Glory of Female Award
I’m trying to think of the nicest way to say this, because I think it’s wonderful. Sarah Polley’s film Take This Waltz has a lot of stark images of the female form, and it will be enticing to our basest instincts, but we’ll also appreciate the variety on display, without a self-righteous message of how important it is to see that. These HD cameras are doing wonders for indie films, giving them these high class looks, especially with Blu-ray clarity. It’s Chapter 7, just for research purposes, not that you’d be scanning for the naked scenes.
Historical Accuracy Award
The 1975 Zorro with Alain Delon as the masked hero comes to Blu-ray with all the artifacts of old foreign cinema. The print itself has some dirt and scratches, but it transferred well. There is some big grain, a lot of fuzzy shots and some odd coloring to people’s skin and the earth tones, but those are preserved accurately. You can tell it’s HD because those organic flaws look pure, unaltered by restoration or digital touchups.
Intimate Clarity Award
2 Days in New York is one of those indie movies where characters explore their locations in confined settings. It’s mostly in a New York apartment with a few excursions, but wherever the camera is it’s showing the set in perfect clarity. Even on the streets of New York, the camera is tight on its characters, but the Arri Alexa is another new system that’s bolstered indie films.
Early December Awards
If I count these separately, I’m recommending far less than 10 for November, but these pre-orders should count too.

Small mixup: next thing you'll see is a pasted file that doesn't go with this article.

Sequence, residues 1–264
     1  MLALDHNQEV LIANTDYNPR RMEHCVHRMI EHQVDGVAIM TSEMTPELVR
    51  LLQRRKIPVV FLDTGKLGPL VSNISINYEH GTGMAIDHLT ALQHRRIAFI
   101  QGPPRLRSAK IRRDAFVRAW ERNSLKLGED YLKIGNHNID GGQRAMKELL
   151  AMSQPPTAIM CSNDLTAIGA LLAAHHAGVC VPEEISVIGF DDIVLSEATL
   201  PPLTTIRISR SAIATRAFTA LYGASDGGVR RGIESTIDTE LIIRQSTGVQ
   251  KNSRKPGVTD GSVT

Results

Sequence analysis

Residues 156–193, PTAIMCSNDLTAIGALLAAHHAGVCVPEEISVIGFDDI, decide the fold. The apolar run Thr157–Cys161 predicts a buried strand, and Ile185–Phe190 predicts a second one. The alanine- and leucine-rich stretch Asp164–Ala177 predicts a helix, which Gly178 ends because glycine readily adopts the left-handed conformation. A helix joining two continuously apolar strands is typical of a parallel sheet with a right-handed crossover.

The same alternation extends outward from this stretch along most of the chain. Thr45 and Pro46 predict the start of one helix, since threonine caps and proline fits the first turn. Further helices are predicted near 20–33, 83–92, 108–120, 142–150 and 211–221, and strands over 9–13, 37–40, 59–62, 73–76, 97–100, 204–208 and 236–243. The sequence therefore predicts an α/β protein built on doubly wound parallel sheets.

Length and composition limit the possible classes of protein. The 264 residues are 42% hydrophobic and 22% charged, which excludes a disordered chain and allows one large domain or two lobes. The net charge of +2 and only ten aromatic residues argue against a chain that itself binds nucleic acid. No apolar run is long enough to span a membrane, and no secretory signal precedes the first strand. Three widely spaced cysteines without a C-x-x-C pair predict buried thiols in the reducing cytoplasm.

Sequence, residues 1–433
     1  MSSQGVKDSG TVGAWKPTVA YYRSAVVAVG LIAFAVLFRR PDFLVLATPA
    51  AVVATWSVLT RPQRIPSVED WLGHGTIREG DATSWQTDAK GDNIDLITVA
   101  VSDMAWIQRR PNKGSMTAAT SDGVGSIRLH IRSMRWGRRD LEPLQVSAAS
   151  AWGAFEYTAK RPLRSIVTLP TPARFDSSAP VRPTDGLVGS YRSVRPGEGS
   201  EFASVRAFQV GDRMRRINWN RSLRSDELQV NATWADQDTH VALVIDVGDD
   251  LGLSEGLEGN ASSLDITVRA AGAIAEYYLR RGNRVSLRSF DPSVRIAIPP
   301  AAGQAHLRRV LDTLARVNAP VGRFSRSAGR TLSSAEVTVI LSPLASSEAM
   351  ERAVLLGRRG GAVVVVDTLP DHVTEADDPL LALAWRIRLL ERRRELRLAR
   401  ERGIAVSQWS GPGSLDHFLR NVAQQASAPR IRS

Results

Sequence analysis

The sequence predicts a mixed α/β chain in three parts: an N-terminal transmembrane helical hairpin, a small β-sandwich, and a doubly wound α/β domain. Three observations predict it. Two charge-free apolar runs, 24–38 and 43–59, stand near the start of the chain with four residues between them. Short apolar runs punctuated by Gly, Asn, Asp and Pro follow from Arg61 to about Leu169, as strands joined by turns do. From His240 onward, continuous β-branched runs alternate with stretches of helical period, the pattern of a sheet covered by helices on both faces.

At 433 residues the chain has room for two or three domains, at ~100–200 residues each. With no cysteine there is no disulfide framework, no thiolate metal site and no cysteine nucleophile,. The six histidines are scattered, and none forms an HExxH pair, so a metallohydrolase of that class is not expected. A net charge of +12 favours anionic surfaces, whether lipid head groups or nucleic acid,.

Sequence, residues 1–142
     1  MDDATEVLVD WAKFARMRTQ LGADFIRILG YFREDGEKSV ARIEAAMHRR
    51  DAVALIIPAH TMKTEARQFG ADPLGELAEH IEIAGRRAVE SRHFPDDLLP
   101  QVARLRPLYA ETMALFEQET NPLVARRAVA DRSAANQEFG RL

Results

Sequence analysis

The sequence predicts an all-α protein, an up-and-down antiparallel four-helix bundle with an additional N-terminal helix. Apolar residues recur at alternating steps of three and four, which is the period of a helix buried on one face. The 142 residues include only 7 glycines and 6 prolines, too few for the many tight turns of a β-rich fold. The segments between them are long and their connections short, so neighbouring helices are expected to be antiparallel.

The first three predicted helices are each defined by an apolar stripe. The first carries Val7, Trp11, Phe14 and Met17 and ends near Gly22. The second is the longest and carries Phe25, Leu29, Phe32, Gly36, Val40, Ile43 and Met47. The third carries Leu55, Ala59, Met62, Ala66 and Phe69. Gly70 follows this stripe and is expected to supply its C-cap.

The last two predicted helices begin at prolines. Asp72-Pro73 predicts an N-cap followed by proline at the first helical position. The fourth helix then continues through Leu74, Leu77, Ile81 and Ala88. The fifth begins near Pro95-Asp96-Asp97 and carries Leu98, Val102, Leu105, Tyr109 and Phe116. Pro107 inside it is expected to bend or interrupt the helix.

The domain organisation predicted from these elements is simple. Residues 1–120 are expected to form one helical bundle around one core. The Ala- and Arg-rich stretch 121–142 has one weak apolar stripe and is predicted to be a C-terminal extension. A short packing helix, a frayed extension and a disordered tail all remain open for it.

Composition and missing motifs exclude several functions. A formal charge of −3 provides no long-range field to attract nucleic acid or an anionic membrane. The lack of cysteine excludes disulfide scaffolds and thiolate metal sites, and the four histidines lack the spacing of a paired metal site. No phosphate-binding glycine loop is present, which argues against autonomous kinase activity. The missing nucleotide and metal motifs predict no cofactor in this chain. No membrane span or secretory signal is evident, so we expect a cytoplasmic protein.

High-Tech Dirty Joke Award
Seth MacFarlane’s feature film Ted is a technical marvel for creating a realistic CGI character, and using him for gloriously juvenile jokes. Paul was good too but Ted has fur and he’s earth-based so just looks even more tactile. I’ve seen a lot of RED camera movies on Blu-ray now and I dare say the Genesis looks even clearer. The detail from Ted’s fur mattes to the dust in the air in the top tier of clarity, if not the clearest yet. Out December 11.
Revisionist Box Art Awards
Despite being totally awesome, Premium Rush didn’t do well so they’ve gone into risk minimization mode. The DVD/Blu-ray picture is now headshots of Joseph Gordon-Levitt, Dania Ramirez and Michael Shannon, so anyone who likes any of them will know: hey, people you like are in this movie. You heard Gordon-Levitt is the new Batman, right? Premium Rush is still awesome and the streets of New York look fantastic on Blu-ray, remaining clear and gritty no matter how fast the bikes or the camera zoom through them. Out December 21.